Student Opinion of Life Fee VariesBy Alice N. Gilchrist
Karl R. Peters '95 summed up most undergraduates' opinions of the student life fee when he said, "It sounds okay."
A referendum was held April 23 and 24 to assess student views on what the proposed student life fee should cover. Students were asked to indicate their opinion on several issues, including whether athletic cards should be eliminated. Another question asked whether administrators or students should control the money available for student activities.
Students voted strongly in favor of the student life fee and gave less enthusiastic support to paying the athletic fee. Undergraduate Association President Stacy McGeever said the UA will not "hold the results as any kind of mandate," but added that they are "an indicator of student opinion."
Provost Mark S. Wrighton said he supported student control of activity funds. "I support students enhancing resources according to their desires," Wrighton said. Wrighton noted he had not been told that the referendum had occurred, however.
Students voiced their biggest concerns about the athletic services fee, which would automatically be charged to all undergraduates if the fee proposal is enacted. The fee would eliminate the need for athletic cards. Oliver Schneider '95 said, "Some students don't want to use athletic facilities and I am against them having to pay for a card." Schneider added that he liked the idea of a student life fee, but that it shouldn't be mandatory.
Judy C. Pang '94 also didn't think the athletic card should be included in the fee. "I wouldn't want to pay the fee because I don't use an athletic card," she said. Pang thought that buying an athletic card should be "up to students themselves."
Some members of the UA thought that including the athletic card in the fee would be beneficial. Yevgeny Gurevich '94, a UA Next House representative, said the fee would "solve the problem of students who don't pay the current fee taking advantage of other people" who pay the fee. About 3,000 people buy an athletic card, but about 1,000 people cheat the system and use the facilities without paying. Gurevich added that the fee would "get rid of a lot of paperwork and hassle" and that "everything will come out fair in the end."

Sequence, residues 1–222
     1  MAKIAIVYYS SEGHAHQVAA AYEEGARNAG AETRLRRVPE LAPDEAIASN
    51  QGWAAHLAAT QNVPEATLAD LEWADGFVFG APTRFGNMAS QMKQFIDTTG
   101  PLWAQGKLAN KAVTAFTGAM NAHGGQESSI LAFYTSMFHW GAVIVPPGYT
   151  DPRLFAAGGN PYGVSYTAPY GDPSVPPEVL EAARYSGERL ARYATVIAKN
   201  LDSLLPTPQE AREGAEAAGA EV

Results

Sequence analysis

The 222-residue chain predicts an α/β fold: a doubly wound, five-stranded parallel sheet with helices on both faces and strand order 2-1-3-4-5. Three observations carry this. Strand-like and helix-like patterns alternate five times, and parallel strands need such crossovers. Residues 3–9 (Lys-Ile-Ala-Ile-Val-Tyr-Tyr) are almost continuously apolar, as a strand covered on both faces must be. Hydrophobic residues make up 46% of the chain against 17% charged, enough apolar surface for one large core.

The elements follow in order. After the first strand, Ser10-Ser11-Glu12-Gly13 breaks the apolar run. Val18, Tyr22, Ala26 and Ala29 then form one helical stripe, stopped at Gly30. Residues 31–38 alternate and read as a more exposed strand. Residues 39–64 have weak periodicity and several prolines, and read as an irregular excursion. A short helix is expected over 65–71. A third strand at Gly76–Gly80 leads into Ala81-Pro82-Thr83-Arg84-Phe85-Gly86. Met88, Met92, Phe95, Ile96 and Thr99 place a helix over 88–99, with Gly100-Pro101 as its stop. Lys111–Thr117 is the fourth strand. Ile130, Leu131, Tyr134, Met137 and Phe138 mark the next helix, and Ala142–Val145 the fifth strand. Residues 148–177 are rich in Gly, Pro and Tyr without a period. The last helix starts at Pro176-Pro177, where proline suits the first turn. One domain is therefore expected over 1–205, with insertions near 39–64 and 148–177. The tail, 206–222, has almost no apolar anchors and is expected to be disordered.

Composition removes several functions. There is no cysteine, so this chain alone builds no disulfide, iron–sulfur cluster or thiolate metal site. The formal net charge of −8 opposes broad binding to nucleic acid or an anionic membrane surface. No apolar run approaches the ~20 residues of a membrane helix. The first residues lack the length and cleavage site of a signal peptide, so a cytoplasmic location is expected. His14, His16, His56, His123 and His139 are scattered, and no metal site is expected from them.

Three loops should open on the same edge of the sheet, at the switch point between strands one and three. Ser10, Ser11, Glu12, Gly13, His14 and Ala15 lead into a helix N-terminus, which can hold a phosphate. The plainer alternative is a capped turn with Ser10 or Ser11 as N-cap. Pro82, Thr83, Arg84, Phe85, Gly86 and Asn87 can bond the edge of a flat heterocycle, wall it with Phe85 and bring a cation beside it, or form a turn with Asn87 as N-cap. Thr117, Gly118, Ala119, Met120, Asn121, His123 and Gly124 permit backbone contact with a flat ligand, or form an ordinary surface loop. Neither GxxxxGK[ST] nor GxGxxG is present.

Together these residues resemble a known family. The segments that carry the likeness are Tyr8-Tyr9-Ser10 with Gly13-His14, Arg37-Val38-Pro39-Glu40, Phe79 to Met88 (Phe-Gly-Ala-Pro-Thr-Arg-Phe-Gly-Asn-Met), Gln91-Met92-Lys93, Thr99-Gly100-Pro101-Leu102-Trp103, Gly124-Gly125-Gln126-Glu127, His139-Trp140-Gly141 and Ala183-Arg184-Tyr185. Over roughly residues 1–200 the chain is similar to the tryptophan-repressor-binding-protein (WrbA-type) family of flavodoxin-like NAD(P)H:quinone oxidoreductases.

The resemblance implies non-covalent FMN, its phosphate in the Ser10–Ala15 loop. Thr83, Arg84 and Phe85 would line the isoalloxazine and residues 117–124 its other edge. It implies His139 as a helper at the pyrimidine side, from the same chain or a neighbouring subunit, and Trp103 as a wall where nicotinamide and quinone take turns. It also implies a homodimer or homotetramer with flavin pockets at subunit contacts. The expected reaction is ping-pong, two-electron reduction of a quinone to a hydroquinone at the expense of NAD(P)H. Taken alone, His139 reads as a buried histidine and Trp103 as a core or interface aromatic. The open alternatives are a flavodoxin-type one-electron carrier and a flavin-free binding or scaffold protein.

Some students were in favor of paying for the athletic card. Alexandra Pau '95 said that since "during the course of a year, most people" use the athletic facilities, it is not unreasonable for "everyone to pay the fee." She added that the fee should not be too expensive and that "20 to 30 dollars" seemed fair.
Students find results representative
Even though only 15 percent of all undergraduates voted in the referendum, most students felt that the results were representative. Peters said the results were "completely" viable, even though he felt the referendum was "not well advertised." He said he saw the voting booth in Lobby 7 and thought to himself, "Hey! We're voting on something."
According to New House UA representative Gregory M. Lubiniecki '94, the referendum results were representative of student opinion since "those who felt strongly would have voted." The UA will "keep in mind that not very many students voted," he said.
Gurevich said that while he was manning the voting booth, a lot of students "looked quickly and left" without voting. "They knew about the issue, but they didn't have time to vote," he said.
Some students also had strong feelings about students being more involved in the distribution of funding to student activities. Peters said he wants students to have a say about where their money goes, but he hoped there would be some administrative advisors on the committee, so that the activities funding would occur through a combination of student and faculty input.